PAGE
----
In his efforts to cure the young Communist parties of the infantile disorder that made a leftist caricature of Bolshevism, Lenin insisted they study the history of Bolshevism during the “whole period of its existence.” Lenin thought the lessons of the past have meaning for the present, as in fact they do.

The 14 years from 1903 to 1917 – the years Bolshevism took shape in the struggle against the petty-bourgeois tendencies of Menshevik opportunism and Social Revolutionary pseudo-radicalism – were, in Lenin’s view, the heritage of the world working-class vanguard. In his opinion, the inner-party factional struggles of these years, as well as the years from 1917 to 1920, were a school of preparation and training, not merely for the Russian revolutionists, but for the working class of the world.

To the revolutionary vanguard in other countries, Lenin said: Yes, you have something to le,arn our revolution – something that is fundamental and vital to the success of your own revolution – but you must study the history of our revolution and its preparation seriously and apply its lessons wisely in the light of the concrete peculiarities of your own national and cultural development.

As for the leaders of the Second International, and in particular its Kautskyan “revolutionary” wing, who rejected the Russian Revolution as a school for the strategy and tactics of the international working class, Lenin had only the sharpest condemnation.

“Leaders of the Second International,” he said, “such as Kautsky in Germany, and Otto Bauer and Friedrich Adler in Austria, failed to understand [the international significance of the Russian Revolution] and they thereby proved to be reactionaries and advocates of the worst kind of opportunism and social treachery.”

In his popular essay on Marxist strategy and tactics, Lenin stressed that Bolshevism was able to make a historic contribution to the world revolutionary movement only because it was founded on the “granite theoretical basis” of Marxism and had assimilated the best international revolutionary thought from the older movements in the West. On this score he said:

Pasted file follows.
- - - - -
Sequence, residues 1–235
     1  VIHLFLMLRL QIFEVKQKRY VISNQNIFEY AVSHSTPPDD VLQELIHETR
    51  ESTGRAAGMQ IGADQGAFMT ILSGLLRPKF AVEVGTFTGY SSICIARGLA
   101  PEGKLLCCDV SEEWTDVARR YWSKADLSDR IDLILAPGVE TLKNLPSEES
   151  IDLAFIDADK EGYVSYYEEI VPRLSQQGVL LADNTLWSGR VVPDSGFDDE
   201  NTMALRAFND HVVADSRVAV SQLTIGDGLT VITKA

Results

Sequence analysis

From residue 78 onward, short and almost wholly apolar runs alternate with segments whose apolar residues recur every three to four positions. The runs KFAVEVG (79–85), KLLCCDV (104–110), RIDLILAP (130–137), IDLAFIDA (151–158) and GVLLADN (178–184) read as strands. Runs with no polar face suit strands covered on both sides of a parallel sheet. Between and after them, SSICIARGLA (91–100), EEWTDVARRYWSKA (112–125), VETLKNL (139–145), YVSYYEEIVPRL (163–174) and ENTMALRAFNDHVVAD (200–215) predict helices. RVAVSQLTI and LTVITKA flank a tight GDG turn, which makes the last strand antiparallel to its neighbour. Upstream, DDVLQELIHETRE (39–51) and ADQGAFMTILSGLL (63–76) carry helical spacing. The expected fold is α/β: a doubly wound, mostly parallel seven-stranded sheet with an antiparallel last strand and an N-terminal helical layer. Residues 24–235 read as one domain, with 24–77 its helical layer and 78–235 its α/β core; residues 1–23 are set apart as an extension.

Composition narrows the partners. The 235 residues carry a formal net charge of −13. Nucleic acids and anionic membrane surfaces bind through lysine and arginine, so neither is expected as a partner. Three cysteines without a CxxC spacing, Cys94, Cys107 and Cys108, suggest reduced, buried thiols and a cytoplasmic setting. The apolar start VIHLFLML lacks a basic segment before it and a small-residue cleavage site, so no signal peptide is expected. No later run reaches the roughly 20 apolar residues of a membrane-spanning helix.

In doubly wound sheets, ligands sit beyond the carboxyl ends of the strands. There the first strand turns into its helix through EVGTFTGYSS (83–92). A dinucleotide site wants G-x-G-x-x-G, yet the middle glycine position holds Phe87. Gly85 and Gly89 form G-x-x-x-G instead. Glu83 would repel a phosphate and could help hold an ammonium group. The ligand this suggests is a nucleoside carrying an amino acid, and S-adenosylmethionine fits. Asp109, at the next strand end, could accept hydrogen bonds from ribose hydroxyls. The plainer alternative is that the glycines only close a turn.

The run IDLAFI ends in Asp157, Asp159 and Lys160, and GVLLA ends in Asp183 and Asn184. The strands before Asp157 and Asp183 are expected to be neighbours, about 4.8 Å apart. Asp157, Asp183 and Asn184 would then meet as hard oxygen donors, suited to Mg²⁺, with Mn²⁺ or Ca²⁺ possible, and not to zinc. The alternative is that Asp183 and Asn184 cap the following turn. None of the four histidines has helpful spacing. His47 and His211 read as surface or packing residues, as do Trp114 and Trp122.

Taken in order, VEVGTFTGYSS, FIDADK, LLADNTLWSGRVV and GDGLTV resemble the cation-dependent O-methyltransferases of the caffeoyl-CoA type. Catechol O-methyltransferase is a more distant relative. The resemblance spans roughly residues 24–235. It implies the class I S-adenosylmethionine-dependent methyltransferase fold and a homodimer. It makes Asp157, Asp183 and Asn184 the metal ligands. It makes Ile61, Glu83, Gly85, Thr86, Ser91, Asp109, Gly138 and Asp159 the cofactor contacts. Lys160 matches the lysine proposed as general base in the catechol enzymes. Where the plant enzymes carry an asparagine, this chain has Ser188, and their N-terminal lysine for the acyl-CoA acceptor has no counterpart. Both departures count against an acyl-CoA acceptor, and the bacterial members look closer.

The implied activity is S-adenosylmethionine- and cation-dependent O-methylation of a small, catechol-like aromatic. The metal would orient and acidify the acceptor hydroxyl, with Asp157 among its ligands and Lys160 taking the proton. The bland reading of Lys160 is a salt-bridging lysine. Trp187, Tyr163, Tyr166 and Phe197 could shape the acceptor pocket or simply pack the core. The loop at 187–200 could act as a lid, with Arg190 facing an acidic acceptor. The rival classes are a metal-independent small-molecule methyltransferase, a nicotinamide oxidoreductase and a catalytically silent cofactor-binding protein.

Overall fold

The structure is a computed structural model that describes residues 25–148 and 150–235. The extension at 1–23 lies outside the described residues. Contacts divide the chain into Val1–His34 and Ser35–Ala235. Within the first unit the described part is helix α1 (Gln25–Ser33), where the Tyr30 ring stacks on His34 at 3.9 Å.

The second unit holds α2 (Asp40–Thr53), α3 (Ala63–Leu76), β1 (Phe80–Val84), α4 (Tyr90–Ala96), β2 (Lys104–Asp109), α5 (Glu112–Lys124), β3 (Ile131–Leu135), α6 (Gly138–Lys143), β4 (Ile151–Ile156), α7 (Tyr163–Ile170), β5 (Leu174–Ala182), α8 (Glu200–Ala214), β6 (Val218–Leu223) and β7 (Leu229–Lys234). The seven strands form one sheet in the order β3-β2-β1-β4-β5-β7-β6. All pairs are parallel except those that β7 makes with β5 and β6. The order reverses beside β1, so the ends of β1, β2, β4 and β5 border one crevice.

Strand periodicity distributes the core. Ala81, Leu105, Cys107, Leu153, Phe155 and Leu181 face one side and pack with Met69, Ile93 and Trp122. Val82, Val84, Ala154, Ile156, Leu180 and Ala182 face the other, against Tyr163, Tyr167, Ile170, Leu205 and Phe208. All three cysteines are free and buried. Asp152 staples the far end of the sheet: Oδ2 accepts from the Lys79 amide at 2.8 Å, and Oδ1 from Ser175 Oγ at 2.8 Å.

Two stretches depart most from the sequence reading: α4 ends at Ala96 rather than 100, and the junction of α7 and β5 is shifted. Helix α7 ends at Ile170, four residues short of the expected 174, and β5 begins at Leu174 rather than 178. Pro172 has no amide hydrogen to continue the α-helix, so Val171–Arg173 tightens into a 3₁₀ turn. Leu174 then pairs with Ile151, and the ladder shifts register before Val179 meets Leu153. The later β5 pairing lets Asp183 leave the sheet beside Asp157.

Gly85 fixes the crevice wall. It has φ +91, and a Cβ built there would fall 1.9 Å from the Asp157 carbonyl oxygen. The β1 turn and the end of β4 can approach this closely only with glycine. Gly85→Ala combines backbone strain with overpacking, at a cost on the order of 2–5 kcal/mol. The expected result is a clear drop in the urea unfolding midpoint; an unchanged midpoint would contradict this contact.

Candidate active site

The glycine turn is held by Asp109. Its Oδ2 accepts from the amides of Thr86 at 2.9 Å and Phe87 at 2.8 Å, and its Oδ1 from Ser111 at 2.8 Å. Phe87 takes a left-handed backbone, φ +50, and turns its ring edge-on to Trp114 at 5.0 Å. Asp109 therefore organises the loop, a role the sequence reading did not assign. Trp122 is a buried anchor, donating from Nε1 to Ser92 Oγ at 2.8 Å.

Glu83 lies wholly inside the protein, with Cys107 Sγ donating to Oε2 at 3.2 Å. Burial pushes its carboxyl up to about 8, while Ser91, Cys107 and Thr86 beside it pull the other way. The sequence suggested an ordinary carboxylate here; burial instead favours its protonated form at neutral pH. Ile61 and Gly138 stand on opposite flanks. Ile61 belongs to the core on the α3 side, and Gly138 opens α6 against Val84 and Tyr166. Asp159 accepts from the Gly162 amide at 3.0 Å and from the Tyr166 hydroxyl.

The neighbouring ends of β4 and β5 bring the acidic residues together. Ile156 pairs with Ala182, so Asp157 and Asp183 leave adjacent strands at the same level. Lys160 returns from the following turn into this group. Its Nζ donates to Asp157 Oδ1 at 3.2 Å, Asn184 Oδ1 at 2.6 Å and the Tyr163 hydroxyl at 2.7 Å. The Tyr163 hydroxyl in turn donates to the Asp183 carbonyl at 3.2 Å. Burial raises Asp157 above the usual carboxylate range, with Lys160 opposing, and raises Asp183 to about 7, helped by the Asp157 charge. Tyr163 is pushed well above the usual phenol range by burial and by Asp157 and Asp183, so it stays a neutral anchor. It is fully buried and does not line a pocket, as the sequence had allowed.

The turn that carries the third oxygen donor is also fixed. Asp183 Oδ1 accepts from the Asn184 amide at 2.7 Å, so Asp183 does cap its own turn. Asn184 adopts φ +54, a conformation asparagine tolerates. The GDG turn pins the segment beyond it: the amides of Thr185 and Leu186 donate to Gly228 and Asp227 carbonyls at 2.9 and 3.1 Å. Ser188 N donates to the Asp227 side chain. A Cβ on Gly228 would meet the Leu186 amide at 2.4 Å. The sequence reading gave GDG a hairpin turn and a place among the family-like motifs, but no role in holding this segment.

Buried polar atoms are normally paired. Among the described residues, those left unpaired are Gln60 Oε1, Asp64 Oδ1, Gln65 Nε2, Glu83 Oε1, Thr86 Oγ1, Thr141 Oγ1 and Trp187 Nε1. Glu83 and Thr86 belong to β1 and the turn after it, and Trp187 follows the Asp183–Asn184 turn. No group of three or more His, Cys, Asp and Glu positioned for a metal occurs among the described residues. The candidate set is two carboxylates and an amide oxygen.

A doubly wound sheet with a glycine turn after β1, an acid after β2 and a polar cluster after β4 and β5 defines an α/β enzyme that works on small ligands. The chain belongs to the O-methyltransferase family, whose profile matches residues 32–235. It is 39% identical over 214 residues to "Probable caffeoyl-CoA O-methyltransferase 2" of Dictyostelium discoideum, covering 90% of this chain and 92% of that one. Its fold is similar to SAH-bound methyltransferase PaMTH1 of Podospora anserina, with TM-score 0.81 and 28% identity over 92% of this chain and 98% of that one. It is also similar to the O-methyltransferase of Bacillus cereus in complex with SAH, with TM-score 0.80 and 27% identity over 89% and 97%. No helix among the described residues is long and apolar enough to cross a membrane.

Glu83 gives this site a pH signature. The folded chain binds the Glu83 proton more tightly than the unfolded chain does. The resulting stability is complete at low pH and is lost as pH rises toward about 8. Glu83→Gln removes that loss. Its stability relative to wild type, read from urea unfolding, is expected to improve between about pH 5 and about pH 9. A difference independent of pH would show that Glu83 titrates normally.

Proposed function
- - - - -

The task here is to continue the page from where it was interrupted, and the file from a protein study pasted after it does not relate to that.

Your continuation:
“The correctness of this – and only this – revolutionary theory [Marxism] has been proved not only by the experience of all countries throughout the nineteenth century, but particularly by the experience of the wanderings and vacillations, the mistakes and disappointments of revolutionary thought in Russia. For nearly half a century – approximately from the ’forties to the ’nineties – advanced thinkers in Russia, under the oppression of an unprecedented, savage and reactionary tsar-dom, eagerly sought for the correct revolutionary theory and followed each and every ‘last word’ in Europe and America in this sphere with astonishing diligence and thoroughness. Russia achieved Marxism, the only correct revolutionary theory, virtually through suffering, by a half century of unprecedented revolutionary heroism, incredible energy, devoted searching, study, testing in practice, disappointment, verification and comparison with European experience. Thanks to the enforced emigration caused by tsardom, revolutionary Russia in the second half of the nineteenth century possessed a wealth of international connections and excellent information about world forms and theories of the revolutionary movement such as no other country in the world possessed.”

Lenin thus explained how Bolshevism had “won the right” to introduce something new and vitally significant to the world movement, the concept of a combat party. The concept was based on the totality of all valid world revolutionary experience and theory up to that time. The concept was not peculiar to Russia. It was simply applied under the conditions peculiar to Russia.

Today, 39 years after the October Revolution, we believe that the American workers should give Lenin a hearing. We think that it is the duty of those who believe in socialism to present Lenin fairly and fully to the American audience. That is why we are convinced of the importance of discussing Leninism in the regroupment of the American radical movement.

We are similarly convinced that the storehouse of revolutionary experience accumulated since Lenin’s death in 1924 must be considered part of the heritage of the revolutionary vanguard in America. There are the rich and indispensable lessons provided by the evolution of the Soviet state following Lenin’s death. These, we think, will prove of extraordinary interest to members of the Communist Party now that they are faced with the task of explaining to American workers how a figure like Stalin could come to power and why it can’t happen in America.